JANUARY 4, 2016
January is Cervical Health Awareness month, and Texas Health Care physicians are working to raise awareness about cervical cancer and its primary cause, the human papillomavirus (HPV). This is an important health issue not just for women, but also for any parent with a young daughter or son.
While all women are at risk for cervical cancer, this is a very treatable and curable form of cancer if detected early. What’s more, parents can greatly reduce the risk of their daughter ever getting the disease in the first place. That’s why the U.S. Centers for Disease Control and Prevention (CDC) calls cervical cancer “the most preventable female cancer.”
Causes and Risk Factors
HPV is the primary cause of cervical cancer, but relatively few people who contract HPV will ever develop cervical cancer. HPV is a common virus transmitted through sexual contact. The CDC reports that at least half of the sexually active population has HPV, and many who have it will never realize it.
In most cases, HPV will prove to be harmless, but in some instances, it can alter cells in the cervix and cause cancer. This is one of the reasons it’s so important for women to have regular exams and ensure that they are not at risk.
While HPV is the primary risk factor associated with cervical cancer, other factors may increase the risk of cervical cancer, including:
- HIV-positive status
Detecting Cervical Cancer
Cervical cancer is detected through the Pap test. The Pap test, sometimes called a Pap smear, detects cellular changes which could indicate cancer or a risk of developing cancer in the cervix. By detecting changes early enough, cancer can be treated or even prevented.
It was once recommended that women have a Pap test every year. However, according to the American Congress of Obstetricians and Gynecologists (ACOG), less-frequent testing can be recommended.
The Pap test is done by taking a sample of cells from the cervix, which usually does not cause any pain. The entire exam only takes a few minutes. If a Pap test’s results are unclear, the HPV test can also be used to provide more information.
“All women should receive a Pap test on the schedule recommended for their age unless their physician tells them otherwise,” says Dr. Thomas Vaughan, a Texas Health Care OB/GYN. “While a Pap test may not be required every year, women should still see their OB/GYN once a year for a well woman exam. It’s important we see our patients annually for pelvic and breast exams, in addition to checking up on their overall health.”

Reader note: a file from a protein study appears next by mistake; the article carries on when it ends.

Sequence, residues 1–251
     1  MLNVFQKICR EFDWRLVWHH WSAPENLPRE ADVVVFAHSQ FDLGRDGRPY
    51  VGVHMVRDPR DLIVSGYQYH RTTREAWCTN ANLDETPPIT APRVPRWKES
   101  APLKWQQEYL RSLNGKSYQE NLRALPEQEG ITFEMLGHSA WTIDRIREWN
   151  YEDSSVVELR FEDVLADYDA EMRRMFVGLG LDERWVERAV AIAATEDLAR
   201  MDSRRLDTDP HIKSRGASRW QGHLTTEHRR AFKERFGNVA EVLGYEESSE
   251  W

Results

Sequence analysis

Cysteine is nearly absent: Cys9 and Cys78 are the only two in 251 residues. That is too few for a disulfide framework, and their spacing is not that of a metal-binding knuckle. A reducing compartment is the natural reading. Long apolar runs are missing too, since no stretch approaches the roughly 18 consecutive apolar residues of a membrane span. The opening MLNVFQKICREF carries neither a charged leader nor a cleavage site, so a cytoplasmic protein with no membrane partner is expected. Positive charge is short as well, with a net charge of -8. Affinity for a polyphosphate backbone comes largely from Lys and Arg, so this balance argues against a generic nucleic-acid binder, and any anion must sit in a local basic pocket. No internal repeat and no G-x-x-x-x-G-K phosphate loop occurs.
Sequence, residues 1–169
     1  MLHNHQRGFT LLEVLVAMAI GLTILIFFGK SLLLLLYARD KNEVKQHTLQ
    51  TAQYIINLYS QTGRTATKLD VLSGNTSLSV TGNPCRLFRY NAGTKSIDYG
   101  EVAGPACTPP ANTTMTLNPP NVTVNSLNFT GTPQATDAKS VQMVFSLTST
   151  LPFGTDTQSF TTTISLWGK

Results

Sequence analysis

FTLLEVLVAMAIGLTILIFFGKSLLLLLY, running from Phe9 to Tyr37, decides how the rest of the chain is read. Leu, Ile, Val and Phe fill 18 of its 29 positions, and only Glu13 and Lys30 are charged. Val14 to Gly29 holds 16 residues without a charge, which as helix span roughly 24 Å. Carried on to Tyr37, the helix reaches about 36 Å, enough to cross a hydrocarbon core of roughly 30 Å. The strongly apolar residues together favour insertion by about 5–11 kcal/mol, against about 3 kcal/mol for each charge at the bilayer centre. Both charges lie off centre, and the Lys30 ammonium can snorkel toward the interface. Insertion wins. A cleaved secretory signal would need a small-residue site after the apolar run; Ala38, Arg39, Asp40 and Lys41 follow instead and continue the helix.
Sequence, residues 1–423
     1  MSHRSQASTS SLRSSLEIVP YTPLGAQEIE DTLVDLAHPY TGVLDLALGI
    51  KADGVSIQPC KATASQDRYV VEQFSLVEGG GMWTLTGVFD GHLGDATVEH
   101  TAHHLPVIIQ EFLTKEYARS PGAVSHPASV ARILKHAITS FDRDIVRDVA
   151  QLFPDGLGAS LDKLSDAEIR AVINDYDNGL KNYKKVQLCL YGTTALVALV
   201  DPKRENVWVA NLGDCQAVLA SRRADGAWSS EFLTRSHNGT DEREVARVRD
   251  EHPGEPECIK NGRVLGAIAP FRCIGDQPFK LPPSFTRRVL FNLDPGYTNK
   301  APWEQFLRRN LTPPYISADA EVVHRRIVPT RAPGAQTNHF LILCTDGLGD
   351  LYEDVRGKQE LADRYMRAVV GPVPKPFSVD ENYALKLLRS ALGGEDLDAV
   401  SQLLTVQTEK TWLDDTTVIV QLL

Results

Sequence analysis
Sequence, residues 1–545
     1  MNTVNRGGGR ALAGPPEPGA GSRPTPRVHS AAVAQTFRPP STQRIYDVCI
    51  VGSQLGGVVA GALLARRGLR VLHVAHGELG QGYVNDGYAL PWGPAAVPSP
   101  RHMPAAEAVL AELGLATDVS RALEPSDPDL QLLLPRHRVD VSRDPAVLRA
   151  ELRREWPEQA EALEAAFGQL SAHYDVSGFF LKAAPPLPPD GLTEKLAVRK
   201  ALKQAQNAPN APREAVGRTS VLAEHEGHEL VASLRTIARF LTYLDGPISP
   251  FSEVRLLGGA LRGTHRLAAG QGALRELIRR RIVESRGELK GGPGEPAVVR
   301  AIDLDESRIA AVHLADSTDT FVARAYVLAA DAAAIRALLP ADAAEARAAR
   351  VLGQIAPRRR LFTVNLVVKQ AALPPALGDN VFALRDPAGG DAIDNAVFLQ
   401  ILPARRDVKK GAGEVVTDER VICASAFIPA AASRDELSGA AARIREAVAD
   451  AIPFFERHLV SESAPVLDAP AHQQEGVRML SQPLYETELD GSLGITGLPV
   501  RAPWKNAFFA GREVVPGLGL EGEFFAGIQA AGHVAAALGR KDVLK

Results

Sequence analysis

Preventing Cervical Cancer: The HPV Vaccine
One of the most effective things we can do to prevent cervical cancer is better educate parents on the importance of their children receiving the HPV vaccine. Parents should ask their child’s doctor about the HPV vaccine, as it can protect the child from HPV later in life. The HPV vaccine dramatically reduces a girl’s odds of ever developing cervical cancer, as well as vaginal and vulvar cancers.
Vaccines are recommended for boys and girls aged 11 – 12. However, girls and young women ages 13 through 26 can also receive the vaccines if they did not get a full course when they were younger, according to the CDC. Young men can receive the vaccine through age 21. The HPV vaccine is administered in a series of three shots.
“It’s perfectly understandable that some parents don’t want to talk or think about the HPV vaccine for their child who is 11 or 12 years old,” said Texas Health Care member and OB/GYN Dr. Elisabeth Wagner, who has a young daughter herself. “But as parents, we have to face reality – our sons and daughters are going to grow up someday, and it’s our job to make sure we’ve provided them with every chance for a healthy and happy life that we can. The HPV vaccine is an important part of doing this.”
Greater Awareness Means More Prevention
By raising awareness of cervical cancer’s causes and the simple ways it can be prevented, we can defeat cervical cancer and save lives. Even if a woman does develop cancer of the cervix, early detection increases the odds she can be cured of it, provided she has regular checkups and exams as recommended.
If it’s been a year or longer since your last well women exam, call your doctor today to make an appointment. And if you’re looking for an OB/GYN for yourself or a loved one, Texas Health Care has more than two dozen OB/GYNs in its membership, with practices all over Tarrant County.